Worry and uncertainty as athletes run into Covid-19, SEA Games qualifying hurdles
SINGAPORE – After undergoing spinal surgery in December last year, pole vaulter Rachel Yang was eager to get her season started at the Singapore Athletics (SA) All Comers Meet 4 on May 29-30.
The competition was meant to be a build-up towards qualifying for the Vietnam SEA Games in November, when the 39-year-old had hoped to add to her collection of a SEA Games silver and bronze.
But her plan has now been thrown into disarray. Two hurdles stand in the way of national athletes like Yang aiming for the Games as they have to navigate the tightened Covid-19 safety measures while trying to make the mark by June 13 after the Singapore National Olympic Council (SNOC) shortened the qualifying window by two months.
With Singapore in phase two (heightened alert) from May 16 to June 13, the Allcomers meet has been tentatively postponed to July 10-11 while the status of the June 4-11 SA Performance Trial 2 and a marathon trial slated for June 13 – the final meets before the qualifying window closes – remains up in the air.
SA is currently in talks with national agency Sport Singapore (Sport SG) on whether the meets will be allowed to continue.
The developments have been a double blow for Yang as she noted that even if the Performance Trial 2 is allowed to proceed, it will be a “make it or break it” event for her if she wants to book her ticket to Hanoi within the qualifying window.
She told The Straits Times: “I was shocked to know about SNOC bringing forward the qualifying deadline and SA postponing some competitions, especially since I have yet to start my season… It is definitely very pressurising.”
The pole vaulter noted that she usually needs “around three to four competitions to peak” as the discipline comprises “many variables” which need to be adjusted over a few meets.
The SNOC’s selection committee meeting for the SEA Games was initially scheduled for August after the Tokyo Olympics, but with the recent extension of the stay-home notice (SHN) duration from 14 to 21 days, this meeting was brought forward to early July and NSAs were asked to submit their nominations by June 13.
However, NSAs and athletes will have till August to submit results for the appeals meeting in September. The SNOC had also previously said that the qualification benchmark would be moved backwards to the results of the 2019 SEA Games, and consideration will also be given to the NSA’s performance indicators (projected vs actual) of the past three SEA Games.
When contacted, SA president Lien Choong Luen noted that June 13 is a “soft deadline” that gives SNOC a “preliminary sense of what the list of potential athletes who have qualified for the Games look like”.
He added: “With the current Covid-19 situation, we are looking at what we can organise and what we cannot organise. Since athletes are not able to travel overseas for competitions, we have already made the necessary provisions beforehand, such as holding at least one competition a month.”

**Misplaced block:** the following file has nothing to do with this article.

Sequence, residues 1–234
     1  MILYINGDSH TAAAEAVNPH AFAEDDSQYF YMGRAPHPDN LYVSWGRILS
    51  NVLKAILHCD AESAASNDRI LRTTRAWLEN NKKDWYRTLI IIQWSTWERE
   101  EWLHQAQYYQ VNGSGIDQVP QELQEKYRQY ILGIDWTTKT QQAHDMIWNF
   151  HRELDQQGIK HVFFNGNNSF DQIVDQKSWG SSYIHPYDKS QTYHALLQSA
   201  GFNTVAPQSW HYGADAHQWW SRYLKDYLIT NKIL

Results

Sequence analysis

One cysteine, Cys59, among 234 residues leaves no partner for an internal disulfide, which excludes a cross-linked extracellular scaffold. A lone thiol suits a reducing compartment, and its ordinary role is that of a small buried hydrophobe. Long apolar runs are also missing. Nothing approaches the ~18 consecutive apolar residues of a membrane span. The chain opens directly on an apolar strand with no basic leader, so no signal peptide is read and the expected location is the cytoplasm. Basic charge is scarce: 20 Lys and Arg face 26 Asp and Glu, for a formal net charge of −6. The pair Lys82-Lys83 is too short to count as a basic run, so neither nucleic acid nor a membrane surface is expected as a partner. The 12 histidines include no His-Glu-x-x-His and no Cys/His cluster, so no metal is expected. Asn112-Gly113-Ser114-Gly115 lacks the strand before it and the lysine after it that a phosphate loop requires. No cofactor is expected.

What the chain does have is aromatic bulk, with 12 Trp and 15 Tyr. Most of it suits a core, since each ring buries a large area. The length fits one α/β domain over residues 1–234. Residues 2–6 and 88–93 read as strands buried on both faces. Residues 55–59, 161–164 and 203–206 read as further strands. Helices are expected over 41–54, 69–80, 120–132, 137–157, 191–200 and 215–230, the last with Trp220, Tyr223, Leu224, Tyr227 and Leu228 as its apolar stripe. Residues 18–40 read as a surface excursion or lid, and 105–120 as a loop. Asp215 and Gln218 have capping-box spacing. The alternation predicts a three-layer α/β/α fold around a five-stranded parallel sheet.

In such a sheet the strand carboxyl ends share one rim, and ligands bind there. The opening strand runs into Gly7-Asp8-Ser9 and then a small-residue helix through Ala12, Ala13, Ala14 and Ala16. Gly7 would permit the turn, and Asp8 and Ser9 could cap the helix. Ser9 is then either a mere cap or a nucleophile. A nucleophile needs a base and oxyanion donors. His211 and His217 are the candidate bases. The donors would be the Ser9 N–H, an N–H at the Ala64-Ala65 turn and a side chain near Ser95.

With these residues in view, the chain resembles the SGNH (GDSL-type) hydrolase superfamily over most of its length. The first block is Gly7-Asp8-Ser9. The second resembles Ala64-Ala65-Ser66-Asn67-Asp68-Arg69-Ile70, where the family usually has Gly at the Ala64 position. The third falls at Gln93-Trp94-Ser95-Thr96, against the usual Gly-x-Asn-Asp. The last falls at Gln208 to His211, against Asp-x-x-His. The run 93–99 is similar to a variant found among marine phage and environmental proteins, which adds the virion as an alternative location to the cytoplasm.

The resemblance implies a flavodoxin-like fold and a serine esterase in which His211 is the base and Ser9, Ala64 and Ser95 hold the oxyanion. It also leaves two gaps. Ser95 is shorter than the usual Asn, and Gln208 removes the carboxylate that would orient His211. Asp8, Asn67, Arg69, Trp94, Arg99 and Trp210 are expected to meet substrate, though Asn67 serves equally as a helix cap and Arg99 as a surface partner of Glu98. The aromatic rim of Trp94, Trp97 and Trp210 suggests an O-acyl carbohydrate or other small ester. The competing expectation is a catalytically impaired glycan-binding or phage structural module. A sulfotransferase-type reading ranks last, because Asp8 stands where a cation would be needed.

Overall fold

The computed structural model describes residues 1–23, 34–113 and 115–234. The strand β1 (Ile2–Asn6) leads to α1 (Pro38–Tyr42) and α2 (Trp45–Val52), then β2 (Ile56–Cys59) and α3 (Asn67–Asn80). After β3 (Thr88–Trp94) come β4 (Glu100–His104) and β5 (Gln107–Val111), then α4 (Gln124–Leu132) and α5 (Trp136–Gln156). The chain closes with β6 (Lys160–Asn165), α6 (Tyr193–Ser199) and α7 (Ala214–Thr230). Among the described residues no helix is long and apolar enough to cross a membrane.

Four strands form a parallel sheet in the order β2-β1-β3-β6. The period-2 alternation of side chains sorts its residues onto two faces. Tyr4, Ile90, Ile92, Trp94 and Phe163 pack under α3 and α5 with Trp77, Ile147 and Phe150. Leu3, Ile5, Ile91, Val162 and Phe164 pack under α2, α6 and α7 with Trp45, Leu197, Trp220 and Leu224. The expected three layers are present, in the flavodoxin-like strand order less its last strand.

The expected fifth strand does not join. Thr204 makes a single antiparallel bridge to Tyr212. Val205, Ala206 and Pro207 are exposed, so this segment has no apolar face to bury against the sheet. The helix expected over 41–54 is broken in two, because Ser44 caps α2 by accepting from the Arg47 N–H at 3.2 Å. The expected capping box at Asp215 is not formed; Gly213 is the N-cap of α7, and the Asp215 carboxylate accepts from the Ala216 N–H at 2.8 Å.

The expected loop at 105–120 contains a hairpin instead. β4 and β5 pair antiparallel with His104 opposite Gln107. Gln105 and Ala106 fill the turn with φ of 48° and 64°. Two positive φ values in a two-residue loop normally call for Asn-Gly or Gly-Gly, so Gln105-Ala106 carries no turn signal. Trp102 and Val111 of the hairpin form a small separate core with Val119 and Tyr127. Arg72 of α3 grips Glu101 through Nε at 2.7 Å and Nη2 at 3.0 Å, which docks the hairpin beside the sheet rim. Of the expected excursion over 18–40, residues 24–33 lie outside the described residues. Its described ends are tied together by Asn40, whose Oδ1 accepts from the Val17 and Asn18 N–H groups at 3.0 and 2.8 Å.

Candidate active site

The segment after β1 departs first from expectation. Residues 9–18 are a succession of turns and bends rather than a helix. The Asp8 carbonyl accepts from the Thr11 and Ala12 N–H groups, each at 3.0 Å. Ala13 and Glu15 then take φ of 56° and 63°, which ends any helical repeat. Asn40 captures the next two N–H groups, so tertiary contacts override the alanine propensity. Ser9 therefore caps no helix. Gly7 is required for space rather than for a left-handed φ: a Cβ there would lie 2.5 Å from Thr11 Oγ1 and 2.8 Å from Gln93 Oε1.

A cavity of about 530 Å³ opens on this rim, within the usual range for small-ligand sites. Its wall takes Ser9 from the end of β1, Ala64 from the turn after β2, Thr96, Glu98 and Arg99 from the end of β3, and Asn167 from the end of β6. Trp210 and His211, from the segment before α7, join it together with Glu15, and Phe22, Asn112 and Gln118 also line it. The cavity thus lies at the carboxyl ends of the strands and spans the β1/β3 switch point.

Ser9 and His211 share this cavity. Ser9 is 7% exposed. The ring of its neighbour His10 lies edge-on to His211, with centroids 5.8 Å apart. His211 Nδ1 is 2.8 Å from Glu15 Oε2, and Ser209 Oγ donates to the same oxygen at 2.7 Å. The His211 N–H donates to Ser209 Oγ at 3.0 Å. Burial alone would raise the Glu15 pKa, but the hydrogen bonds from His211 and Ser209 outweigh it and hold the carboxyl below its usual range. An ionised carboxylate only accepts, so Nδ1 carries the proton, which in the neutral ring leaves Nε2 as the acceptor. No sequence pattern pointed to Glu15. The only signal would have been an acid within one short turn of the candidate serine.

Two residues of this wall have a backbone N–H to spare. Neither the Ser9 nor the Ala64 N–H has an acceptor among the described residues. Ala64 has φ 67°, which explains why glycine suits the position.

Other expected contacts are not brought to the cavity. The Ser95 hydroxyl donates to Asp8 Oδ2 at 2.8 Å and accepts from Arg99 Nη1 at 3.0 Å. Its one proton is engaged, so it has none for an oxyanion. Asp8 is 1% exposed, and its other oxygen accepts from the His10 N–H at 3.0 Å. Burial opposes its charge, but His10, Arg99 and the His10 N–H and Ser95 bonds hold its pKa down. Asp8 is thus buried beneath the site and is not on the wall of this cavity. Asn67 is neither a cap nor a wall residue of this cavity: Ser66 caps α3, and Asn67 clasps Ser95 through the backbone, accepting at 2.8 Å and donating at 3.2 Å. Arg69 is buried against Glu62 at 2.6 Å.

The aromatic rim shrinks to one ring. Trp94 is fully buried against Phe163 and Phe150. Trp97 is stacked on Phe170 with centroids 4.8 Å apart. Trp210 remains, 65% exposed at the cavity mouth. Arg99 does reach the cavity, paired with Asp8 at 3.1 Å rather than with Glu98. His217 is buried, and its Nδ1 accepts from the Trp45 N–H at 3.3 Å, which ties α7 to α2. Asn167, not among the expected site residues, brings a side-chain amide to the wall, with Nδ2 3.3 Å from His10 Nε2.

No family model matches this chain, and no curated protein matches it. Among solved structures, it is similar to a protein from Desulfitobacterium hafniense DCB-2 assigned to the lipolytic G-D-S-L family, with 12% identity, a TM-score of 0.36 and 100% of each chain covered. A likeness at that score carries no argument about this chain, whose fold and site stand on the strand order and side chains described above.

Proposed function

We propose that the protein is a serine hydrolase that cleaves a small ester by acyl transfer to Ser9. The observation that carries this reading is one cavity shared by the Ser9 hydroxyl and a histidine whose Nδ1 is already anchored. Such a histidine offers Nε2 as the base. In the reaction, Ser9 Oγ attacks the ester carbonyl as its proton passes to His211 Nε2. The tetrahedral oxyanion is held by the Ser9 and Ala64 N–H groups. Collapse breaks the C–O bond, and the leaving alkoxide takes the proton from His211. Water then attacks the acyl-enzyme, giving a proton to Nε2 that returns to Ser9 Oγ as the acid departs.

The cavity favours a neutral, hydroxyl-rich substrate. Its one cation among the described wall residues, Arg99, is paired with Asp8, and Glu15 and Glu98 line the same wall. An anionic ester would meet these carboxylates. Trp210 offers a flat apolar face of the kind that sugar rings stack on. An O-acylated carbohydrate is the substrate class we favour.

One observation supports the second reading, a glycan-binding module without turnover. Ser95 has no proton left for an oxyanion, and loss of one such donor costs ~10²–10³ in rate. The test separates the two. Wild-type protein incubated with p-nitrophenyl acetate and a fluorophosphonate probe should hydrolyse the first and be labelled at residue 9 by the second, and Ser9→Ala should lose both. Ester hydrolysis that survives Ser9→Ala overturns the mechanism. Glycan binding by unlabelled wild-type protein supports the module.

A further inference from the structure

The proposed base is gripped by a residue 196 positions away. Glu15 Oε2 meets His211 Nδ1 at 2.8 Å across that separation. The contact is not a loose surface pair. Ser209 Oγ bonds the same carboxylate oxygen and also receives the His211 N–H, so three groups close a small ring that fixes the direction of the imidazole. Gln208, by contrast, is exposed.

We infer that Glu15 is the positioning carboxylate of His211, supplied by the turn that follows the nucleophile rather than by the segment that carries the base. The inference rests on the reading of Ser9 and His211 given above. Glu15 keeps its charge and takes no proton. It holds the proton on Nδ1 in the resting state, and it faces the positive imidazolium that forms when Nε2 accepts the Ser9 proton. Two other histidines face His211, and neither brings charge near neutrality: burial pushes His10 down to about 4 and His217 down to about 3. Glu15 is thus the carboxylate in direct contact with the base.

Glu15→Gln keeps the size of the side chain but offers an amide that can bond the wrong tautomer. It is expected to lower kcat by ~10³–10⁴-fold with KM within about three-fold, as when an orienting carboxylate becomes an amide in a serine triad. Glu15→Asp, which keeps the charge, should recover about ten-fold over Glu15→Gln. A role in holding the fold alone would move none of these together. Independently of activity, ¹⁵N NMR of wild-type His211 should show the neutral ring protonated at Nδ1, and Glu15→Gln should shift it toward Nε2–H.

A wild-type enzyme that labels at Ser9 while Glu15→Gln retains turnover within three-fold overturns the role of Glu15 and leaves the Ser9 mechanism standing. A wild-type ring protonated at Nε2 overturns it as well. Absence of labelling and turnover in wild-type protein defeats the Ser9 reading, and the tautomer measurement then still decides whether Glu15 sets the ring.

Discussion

Lien added that athletes who perform well after June 13 can still submit the results for consideration prior to the final deadline and that “this should not affect the number of athletes or medals at the SEA Games”.
The association is also planning competitions for athletes to qualify before the appeals meeting.
Uncertainty for athletes, associations
Athletics is not the only sport affected by the developments, with golf and wushu – which won a gold and silver each at the 2019 SEA Games – also trying to balance safety measures in the new phase two with supporting their athletes’ quest to qualify for the year-end Games.
The Singapore Wushu Dragon & Lion Dance Federation has suspended centralised training since Saturday and the NSA is in discussion with SportSG and the Ministry of Culture, Community and Youth (MCCY) on the next course of action.
The federation’s president Ang Mong Seng said: “(The situation now) is definitely a concern… We still have a few more months to go, so we hope that we will be able to resume normal training in mid June when phase two (heightened alert) ends.”
Ang added that it had planned for a selection competition by June and would work with the authorities to see if that can proceed. It has submitted a tentative list of 20 athletes to the SNOC and aims to finalise the numbers by July.
The Singapore Golf Association (SGA) had planned to select athletes for the biennial multi-sport event via their national ranking games (NRG). The first was slated for June 15-17 followed by the second tournament a week later before the final qualifier, the Singapore Open Amateur Championship in July. The three tournaments will contribute to the golfers’ SGA NRG order of merit and their R&A World Amateur Golf ranking, which will determine qualification for the SEA Games.
SGA high performance manager Joshua Ho said: “I think we are quite fortunate in the sense that we are able to train individually unlike team sports and contact sports which will struggle with the new measures.”
That certainly is the case for discus thrower Eric Yee, who is more worried about the heightened measures than the shortened qualifying window.
The 22-year-old, who is gunning for a spot at the Hanoi Games, said the closure of gyms had affected his training regime.
He explained: “As a thrower, I have to lift (weights). I now have to do home gym training with lighter weights, which is very different from what I would otherwise be doing. If regulations regarding gyms and social distancing extend or change, both training and competition may be completely cancelled.”
But he will trudge on, adding: “We live in a new pandemic world so you just have to be flexible… assuming I still get opportunities to qualify, I think I will do fine.”
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